And penises! In nearly ten thousand years he had not yet gotten over his pride and astonishment at possessing one. (Why was he always a man? Why was she always a woman? Why couldn’t they be lesbians now and then? Why couldn’t she have a dick for a change? These things were mysterious.) Penises! If he had a small one – well, that was unfortunate. Mostly because she had to endlessly reassure him about it. And if he had a big one – well, she had be continuously impressed and carry on like a porno starlet and it was even more difficult than usual to convince he really ought to, you know, seek full-time employment.
Her husband might be tall or short, he might be white or brown or black, but it was always easy to recognize him, because he was continuously whining. Time and again, his complaints outlasted his body. He’d had a sore neck for centuries; he’d been constipated for millennia – but god forbid there was a morning when she couldn’t prepare his breakfast because she was, for example, dying of cancer. He’d stare at her as she lay in bed, feeling put out, feeling sorry for himself, and she’d have to explain all over again that she, too, was mortal.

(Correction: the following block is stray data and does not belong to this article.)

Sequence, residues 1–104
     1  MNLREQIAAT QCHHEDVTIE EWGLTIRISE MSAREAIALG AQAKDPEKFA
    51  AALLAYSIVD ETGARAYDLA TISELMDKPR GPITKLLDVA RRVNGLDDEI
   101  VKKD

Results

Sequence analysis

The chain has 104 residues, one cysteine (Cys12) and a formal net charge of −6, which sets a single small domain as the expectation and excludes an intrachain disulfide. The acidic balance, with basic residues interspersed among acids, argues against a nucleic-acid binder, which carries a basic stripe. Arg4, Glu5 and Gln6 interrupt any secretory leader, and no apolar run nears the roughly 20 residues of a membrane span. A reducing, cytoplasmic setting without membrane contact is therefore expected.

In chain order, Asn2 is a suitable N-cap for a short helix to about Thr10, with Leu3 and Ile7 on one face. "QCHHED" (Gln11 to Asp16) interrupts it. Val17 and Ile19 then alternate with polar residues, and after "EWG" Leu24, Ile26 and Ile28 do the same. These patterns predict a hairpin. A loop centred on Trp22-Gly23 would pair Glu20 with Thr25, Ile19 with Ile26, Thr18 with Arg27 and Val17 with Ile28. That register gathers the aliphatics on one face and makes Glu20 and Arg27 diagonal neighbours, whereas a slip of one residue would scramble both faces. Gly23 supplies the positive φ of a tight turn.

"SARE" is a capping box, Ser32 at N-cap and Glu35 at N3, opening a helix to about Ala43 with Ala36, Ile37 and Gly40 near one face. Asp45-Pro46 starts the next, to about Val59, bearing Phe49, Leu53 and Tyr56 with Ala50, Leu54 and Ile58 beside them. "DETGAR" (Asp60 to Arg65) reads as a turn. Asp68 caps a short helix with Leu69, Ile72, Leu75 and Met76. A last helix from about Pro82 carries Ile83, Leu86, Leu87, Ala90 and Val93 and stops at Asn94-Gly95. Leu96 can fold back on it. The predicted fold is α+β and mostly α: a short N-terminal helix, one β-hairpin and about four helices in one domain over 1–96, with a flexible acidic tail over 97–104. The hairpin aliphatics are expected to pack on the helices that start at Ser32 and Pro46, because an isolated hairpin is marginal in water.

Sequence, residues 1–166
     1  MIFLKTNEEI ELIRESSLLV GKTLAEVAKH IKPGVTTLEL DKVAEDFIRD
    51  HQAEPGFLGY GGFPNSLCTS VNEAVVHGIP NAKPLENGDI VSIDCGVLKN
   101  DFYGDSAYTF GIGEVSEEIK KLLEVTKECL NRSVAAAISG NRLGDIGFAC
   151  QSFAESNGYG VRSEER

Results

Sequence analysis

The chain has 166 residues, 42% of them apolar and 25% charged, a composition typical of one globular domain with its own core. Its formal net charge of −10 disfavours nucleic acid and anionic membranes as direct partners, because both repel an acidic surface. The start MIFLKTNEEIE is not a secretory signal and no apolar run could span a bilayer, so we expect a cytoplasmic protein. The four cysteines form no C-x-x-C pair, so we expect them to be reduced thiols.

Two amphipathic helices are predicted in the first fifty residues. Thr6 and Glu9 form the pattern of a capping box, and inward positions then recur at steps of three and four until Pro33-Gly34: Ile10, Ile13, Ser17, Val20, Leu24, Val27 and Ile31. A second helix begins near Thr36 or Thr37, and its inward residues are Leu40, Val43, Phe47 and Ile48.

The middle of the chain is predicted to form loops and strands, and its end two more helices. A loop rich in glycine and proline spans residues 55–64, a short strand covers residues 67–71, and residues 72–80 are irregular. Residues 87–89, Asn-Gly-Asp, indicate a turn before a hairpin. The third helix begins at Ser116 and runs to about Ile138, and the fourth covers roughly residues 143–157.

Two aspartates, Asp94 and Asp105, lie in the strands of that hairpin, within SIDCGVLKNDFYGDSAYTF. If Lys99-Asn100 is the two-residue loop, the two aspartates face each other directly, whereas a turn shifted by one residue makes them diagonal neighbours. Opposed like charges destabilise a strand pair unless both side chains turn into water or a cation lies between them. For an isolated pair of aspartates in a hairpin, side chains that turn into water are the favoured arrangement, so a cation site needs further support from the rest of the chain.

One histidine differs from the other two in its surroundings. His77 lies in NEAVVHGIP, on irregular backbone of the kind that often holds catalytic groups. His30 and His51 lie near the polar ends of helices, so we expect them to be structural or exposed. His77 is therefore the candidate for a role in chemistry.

Since killing him was only a temporary measure, she had no choice but to attempt to actually communicate with him. She was meticulous about means and timing, determined that, this time, she was finally going to get her point across.
In the past she’d tried the letter on the table, the earnest talk, the long car ride with power locks. This time she chose a dinner table confrontation – except that, instead of his dinner, he found only a single candle and his wife of 9000 years in a green velveteen dressing gown with her red hair down. Looking absolutely stunning, in her own opinion.
“Chinese or Italian?” he said, when he saw no dinner on the table.
“What?” she said, caught off guard.
“If we’re ordering out. But no, I can’t have tomato sauce – my stomach has been awful lately. And absolutely nothing with green peppers!”